Thursday, December 25, 2008

God bless us, every one

My Christmas in Korea started off with two strikes against me. Three, really, but that messes up my metaphor. (My alliteration is magnificent, however.) About 6:30 p.m. on Christmas Eve, my heating oil ran out. As it was (and is) below freezing, this is not so good. But people were still at the school, and I called, and they called, and the tank was filled again within a half hour. Then my electric heater, which sits two feet from the computer when I'm at the computer and two feet from the bed when I'm in bed, died. Then this morning, stumbling around fresh out of bed, I hit the coffee carafe on the cabinet and smashed it.

(The day before, the mother of a girl we'd helped with her college prep and the admission process-- my contribution was to edit [well, practically rewrite] her essays- was so happy that her daughter was accepted at both Caltech and Penn that she dropped by with a big thank-you gift to the school, and Heeduk gave me 300,000 Won from it. That's about 210 bucks and it paid for the heating oil.)

I'd planned to go with friends to see "Australia" at the IMAX downtown, then to Hami Mami's for the big Christmas buffet, but Heeduk emailed me on Christmas morning, asking me to come to work for three hours, for which he'd pay me 100,000 Won. I didn't want to, but I had a heater and a carafe to buy, so I made my apologies about missing the movie and went. (It turned out that I ended up watching kids take the SAT practice test for half the time, so in a fit of temporary Yuletide insanity, I told Heeduk he might just as well just pay me half. He took me up on it, which frankly surprised me a bit. In retrospect, that's really only about twelve bucks an hour, which isn't enough for going in at the last minute on Christmas. Ah, well, maybe he'll think well of me... or maybe he's going "Sucker!")

The buffet (with my friends Raymond, Luke, and Sandi) was terribly disappointing for awhile; it was poorly run and chaotic, they'd run out of turkey and were an hour late getting more shipped in from the other Hami Mami's near Camp Walker: it was a huge, tense mess. The only good thing was hearing so much English spoken; I may have seen more Americans there than I have cumulatively seen in nearly four months here.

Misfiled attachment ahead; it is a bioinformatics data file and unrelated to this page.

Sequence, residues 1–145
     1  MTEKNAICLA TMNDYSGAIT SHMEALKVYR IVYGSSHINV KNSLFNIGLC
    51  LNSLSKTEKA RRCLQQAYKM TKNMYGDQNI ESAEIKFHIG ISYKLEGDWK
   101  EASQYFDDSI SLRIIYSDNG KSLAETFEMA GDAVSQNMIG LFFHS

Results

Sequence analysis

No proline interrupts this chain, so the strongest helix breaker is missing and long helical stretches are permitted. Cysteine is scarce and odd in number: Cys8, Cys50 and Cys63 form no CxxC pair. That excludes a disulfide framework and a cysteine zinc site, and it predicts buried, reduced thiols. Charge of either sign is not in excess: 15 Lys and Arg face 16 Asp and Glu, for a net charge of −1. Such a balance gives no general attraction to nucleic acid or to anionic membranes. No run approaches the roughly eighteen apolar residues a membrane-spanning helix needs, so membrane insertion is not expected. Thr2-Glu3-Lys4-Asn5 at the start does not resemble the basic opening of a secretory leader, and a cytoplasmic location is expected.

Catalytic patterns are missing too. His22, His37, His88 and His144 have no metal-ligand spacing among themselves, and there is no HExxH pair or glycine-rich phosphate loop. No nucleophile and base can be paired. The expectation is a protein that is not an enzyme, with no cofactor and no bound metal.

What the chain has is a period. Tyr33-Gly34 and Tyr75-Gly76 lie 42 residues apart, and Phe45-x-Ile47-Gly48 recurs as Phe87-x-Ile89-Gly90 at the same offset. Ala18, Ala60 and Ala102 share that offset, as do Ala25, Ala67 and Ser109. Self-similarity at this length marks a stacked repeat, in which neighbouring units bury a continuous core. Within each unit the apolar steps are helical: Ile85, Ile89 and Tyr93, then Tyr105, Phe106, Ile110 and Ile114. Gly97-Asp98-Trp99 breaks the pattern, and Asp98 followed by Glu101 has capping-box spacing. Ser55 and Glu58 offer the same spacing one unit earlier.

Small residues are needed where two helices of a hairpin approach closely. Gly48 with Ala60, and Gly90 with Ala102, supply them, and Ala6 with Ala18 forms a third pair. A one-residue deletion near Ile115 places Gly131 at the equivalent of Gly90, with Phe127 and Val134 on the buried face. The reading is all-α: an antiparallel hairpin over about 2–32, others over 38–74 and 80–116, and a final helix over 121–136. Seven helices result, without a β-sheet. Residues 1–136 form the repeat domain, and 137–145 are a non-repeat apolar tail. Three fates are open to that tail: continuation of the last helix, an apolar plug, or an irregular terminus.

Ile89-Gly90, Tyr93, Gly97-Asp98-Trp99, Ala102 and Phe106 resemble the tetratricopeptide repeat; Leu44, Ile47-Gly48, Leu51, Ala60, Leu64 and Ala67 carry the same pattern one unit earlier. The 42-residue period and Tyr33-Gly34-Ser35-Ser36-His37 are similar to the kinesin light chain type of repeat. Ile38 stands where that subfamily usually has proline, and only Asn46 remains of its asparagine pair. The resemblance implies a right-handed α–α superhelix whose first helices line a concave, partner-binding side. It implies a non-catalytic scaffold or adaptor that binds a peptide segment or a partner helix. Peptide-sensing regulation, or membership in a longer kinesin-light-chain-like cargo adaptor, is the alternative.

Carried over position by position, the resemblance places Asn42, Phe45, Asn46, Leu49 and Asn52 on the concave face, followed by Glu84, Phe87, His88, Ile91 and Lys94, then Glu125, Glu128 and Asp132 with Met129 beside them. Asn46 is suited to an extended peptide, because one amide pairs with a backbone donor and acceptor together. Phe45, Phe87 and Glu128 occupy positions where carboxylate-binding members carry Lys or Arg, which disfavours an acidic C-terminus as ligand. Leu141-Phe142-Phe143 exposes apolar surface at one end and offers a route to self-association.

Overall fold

Finally, though, the new turkeys were brought in from the bullpen, I saw them being carried in and told my friends and they didn't have to wait in the line that snaked all the way up the stairs, I had some coffee and dessert, and I felt much more mellow. (Oh! And last night I was sad that there are no Christmas cookies-- pine trees, angels, bells-- in Korea, and today one of the Korean teachers, not knowing of my feelings, brought some in that she had made! But I digress. And digest.)

When we went back to the dorm just past dark, Sandi insisted on lending me some cd's to transfer to MP3 and some books, I found the excellent little lending library the teachers had set up at the dorm, and I began to feel a lot better. The cold, cold air felt so good that I didn't put on my gloves or hat, and then, walking to the bus stop, I came upon the Bell Park and its decorations: rows of trees wound about with white lights, with hundreds of cobalt blue lights hanging like a canopy between them, making a kind of lovely bower; reindeer made of white lights; Santa's sleigh, highlighted with lights, with young couples and families lined up to take pictures of themselves sitting on the sleigh. And then I offered to take a young couple's picture with their camera. And the air was cold and crisp and clear and fresh. And a star (Venus, actually) hung in the East.

And then it was Christmas.

Merry Christmas, everyone. Peace on Earth.

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